- Tu K, Gong Y, Maaten S: Physician Care of Patients with Congestive Heart Failure I. Primary Care in Ontario: ICES Atlas. Edited by: Upshur R, Klein-Geltink JE, Leong A, Maaten S, Schultz SE, Wang L. 2006, Toronto: Institute for Clinical Evaluative Sciences, 2012.Google Scholar
- Riegel B, Lee CS, Sochalski J: Developing an instrument to measure heart failure disease management program intensity and complexity. Circ Cardiovasc Qual Outcomes. 2010, 3: 324-30. 10.1161/CIRCOUTCOMES.109.877324.View ArticlePubMedGoogle Scholar
- Kelly G: The Psychology of Personal Constructs. 1955Google Scholar
- Rugg G, McGeorge P: The sorting techniques: a tutorial paper on card sorts, picture sorts and item sorts. Expert Systems. 1997, 14: 80-93. 10.1111/1468-0394.00045.View ArticleGoogle Scholar
- Lindenfeld J, Albert NM, Boehmer JP, Collins SP, Ezekowitz JA, Givertz MM, Katz SD, Klapholz M, Moser DK, Rogers JG, Starling RC, Stevenson WG, Tang WH, Teerlink JR, Walsh MN: HFSA 2010 Comprehensive Heart Failure Practice Guideline. J Card Fail. 2010, 16: e1-194. 10.1016/j.cardfail.2010.04.004.View ArticlePubMedGoogle Scholar
- Albert NM, Fonarow GC, Yancy CW, Curtis AB, Stough WG, Gheorghiade M, Heywood JT, McBride M, Mehra MR, O'Connor CM, Reynolds D, Walsh MN: Outpatient cardiology practices with advanced practice nurses and physician assistants provide similar delivery of recommended therapies (findings from IMPROVE HF). Am J Cardiol. 2010, 105: 1773-9. 10.1016/j.amjcard.2010.01.360.View ArticlePubMedGoogle Scholar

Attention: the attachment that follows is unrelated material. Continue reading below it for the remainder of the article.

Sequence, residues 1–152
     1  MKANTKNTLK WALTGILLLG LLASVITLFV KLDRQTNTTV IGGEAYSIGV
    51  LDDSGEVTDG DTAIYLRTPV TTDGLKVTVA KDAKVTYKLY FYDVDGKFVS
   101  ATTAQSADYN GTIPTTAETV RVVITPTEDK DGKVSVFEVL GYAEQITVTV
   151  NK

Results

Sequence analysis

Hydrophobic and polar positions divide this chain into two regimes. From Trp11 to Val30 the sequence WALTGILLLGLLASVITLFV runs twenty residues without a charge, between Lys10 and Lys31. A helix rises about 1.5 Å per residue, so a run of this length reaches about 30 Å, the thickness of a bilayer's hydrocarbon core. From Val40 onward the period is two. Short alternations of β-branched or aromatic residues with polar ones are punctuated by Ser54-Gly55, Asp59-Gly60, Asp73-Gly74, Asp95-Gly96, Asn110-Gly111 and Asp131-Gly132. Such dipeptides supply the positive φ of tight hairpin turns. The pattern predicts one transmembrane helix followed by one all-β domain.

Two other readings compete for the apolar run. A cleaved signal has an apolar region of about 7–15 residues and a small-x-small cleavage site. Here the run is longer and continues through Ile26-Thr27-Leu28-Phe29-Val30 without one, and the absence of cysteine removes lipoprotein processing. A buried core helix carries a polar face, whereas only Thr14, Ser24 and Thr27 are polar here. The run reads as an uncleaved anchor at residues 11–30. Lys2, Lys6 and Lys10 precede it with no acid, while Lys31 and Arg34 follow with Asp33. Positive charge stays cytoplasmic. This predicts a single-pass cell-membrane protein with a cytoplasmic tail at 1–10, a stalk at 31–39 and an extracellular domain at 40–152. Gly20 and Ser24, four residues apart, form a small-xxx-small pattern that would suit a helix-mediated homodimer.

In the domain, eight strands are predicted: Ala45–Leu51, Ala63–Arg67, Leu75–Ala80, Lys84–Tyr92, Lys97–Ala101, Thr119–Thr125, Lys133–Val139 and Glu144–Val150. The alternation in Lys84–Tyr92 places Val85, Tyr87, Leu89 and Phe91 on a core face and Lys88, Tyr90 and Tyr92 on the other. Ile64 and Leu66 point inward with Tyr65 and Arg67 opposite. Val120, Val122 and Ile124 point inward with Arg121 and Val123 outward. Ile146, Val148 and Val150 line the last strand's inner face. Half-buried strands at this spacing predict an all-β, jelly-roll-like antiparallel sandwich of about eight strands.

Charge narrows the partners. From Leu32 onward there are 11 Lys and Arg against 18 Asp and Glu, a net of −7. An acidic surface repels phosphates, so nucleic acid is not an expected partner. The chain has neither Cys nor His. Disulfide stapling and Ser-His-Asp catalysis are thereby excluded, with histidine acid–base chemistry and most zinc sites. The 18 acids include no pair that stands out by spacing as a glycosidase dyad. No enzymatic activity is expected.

- Gohler A, Januzzi JL, Worrell SS, Osterziel KJ, Gazelle GS, Dietz R, Siebert U: A systematic meta-analysis of the efficacy and heterogeneity of disease management programs in congestive heart failure. J Card Fail. 2006, 12: 554-67. 10.1016/j.cardfail.2006.03.003.View ArticlePubMedGoogle Scholar
- Gonseth J, Guallar-Castillon P, Banegas JR, Rodriguez-Artalejo F: The effectiveness of disease management programmes in reducing hospital re-admission in older patients with heart failure: a systematic review and meta-analysis of published reports. Eur Heart J. 2004, 25: 1570-95. 10.1016/j.ehj.2004.04.022.View ArticlePubMedGoogle Scholar
- Phillips CO, Singa RM, Rubin HR, Jaarsma T: Complexity of program and clinical outcomes of heart failure disease management incorporating specialist nurse-led heart failure clinics. A meta-regression analysis. Eur J Heart Fail. 2005, 7: 333-41. 10.1016/j.ejheart.2005.01.011.View ArticlePubMedGoogle Scholar
- Roccaforte R, Demers C, Baldassarre F, Teo KK, Yusuf S: Effectiveness of comprehensive disease management programmes in improving clinical outcomes in heart failure patients. A meta-analysis. Eur J Heart Fail. 2005, 7: 1133-44. 10.1016/j.ejheart.2005.08.005.View ArticlePubMedGoogle Scholar
- Randomised trial of telephone intervention in chronic heart failure: Randomised trial of telephone intervention in chronic heart failure. DIAL trial. BMJ. 2005, 331: 425-30.Google Scholar